Russ and Shelly Dizdar, evangelical end-times believers, “Satanic ritual abuse” investigators and heads of a “spiritual deliverance ministry.” Both died from COVID in fall 2021.

• Even Rick Wiles fell prey to the “death angel” that the blood of Jesus supposedly confers miraculous protection against. He was hospitalized for COVID-19 in May 2021, although he survived. (His show warned that those who mocked him for this “will only… fuel their flames of torment in hell”).

These people, like many of the other pastors, evangelists and right-wingers who died of COVID, had several things in common. They were conservative Christians who held anti-mask, anti-lockdown and anti-vaccine views. Often, they argued that public-health measures were a plot to usher in government tyranny. They were utterly certain that they knew what God wants, and they didn’t fear COVID-19 because they believed it was no big deal, or if it was, that God would protect them from it.

Yet they died from it. By the terms of their own belief, shouldn’t this be a glaring sign that their understanding of God’s will may not be as solid as they thought?

It’s not just the United States where this pattern is noticeable. In Greece, many Orthodox Christian clergy also spread anti-vaccine ideology. Predictably, they died in such numbers that a senior cleric made this dramatic statement:

For months, local priests all around Greece have been sabotaging the vaccination campaign by urging their flock not to get the vaccine in their weekly sermon and even refusing entry to church-goers who are vaccinated or masked.

… “Among those who spread phobias and lies about vaccines, those who wear cassocks are a minority, but they are the ones who cause the most damage to public health and the mental state of the people,” Archimandrite Bartholomew, abbot of the Holy Monastery of Esphigmenou in Mount Athos, wrote in a Facebook statement on Nov. 15 [2021]. “The situation has reached the point of no return. It smells of death all over Greece.

“‘Smells of Death’: Anti-Vax Priests Are Dropping Like Flies Here“, Demetrios Ioannou, The Daily Beast, December 2021

One Greek Orthodox metropolitan (equivalent to a bishop) claimed there was no need for masks in church, because God would protect the faithful from disease:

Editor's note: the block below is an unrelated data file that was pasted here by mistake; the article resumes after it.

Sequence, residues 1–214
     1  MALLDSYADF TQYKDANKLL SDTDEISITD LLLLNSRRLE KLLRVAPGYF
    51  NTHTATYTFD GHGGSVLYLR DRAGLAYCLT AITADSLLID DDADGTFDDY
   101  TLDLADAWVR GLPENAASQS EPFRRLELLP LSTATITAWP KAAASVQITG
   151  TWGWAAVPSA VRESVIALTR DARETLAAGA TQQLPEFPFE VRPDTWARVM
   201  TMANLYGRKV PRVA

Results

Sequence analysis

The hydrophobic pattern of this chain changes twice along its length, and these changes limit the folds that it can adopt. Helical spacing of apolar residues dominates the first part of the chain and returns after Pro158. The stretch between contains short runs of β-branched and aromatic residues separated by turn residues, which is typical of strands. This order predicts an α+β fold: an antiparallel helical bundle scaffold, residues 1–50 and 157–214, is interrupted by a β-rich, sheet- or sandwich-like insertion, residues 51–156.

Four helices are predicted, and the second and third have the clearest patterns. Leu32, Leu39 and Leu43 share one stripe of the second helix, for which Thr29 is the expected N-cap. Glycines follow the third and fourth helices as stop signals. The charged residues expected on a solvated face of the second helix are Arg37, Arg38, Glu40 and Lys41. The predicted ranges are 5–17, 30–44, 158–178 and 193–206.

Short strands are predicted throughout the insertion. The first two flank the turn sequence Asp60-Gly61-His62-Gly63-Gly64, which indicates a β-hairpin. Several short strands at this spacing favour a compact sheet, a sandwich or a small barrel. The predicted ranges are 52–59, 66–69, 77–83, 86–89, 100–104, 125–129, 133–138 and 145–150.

In the region of Aitoloakarnania in western Greece, the top local cleric (known as a metropolitan), Kosmas, has called those who are afraid to attend a packed church unfaithful.

“God does not allow you to be infected. God does not infect! It is a holy place, the temple is heavenly,” he said.

Science vs. religion as Greek priests lead the anti-vax movement“, Nektaria Stamouli, POLITICO EU, July 2021

Like many of his American counterparts, Bishop Kosmas died of COVID-19 in January 2022 after 25 days on a ventilator.

A mindless mechanism

Again, I don’t believe that COVID-19 is a judgment or a punishment on anybody. A virus is a mindless mechanism, a machine made of molecules that exists only to copy itself. It’s a natural hazard like many others in the world. Those who scorn precautions against infection shouldn’t be surprised if they get sick, any more than people who wave around metal rods during a thunderstorm should be surprised if they get struck by lightning. This isn’t a matter of deserving or undeserving, but of cause and effect.

However, Christians can’t say the same. Their religion has always postulated a hands-on deity who intervenes in nature. That goes double for conservative Christians who’ve said in the past that natural disasters are an expression of God’s displeasure.

That being so, shouldn’t they ask themselves why God sent the pandemic, and why it seems to be targeting them in particular? Could it be a stark warning to start heeding science and to cease their stubborn denial of evolution, climate change and, well, everything else? Could it be the way their beliefs about the importance of personal character did a 180-degree turn when Donald Trump became their candidate?

It would be one thing if conservative Christians had made space for doubt—if they’d at least considered the possibility that they’re mistaken about God’s will. But as far as I know, none of them have. If there are any prominent evangelicals who’ve repented for promoting anti-vaccine conspiracy theories, they’re keeping very quiet about it. Why aren’t there any modern flagellants like there were during the Black Death?

Instead, the religious right has only further entrenched themselves in hubris and denial. Despite all the suffering and death that’s been visited on them, they refuse to engage in self-reflection. Even as they’re literally dying by the thousands from a plague, they cling to their blind certainty that they alone know what God wants. This is the height of hypocrisy.

DAYLIGHT ATHEISM Adam Lee is an atheist author and speaker from New York City. His previously published books include "Daylight Atheism," "Meta: On God, the Big Questions, and the Just City," and most...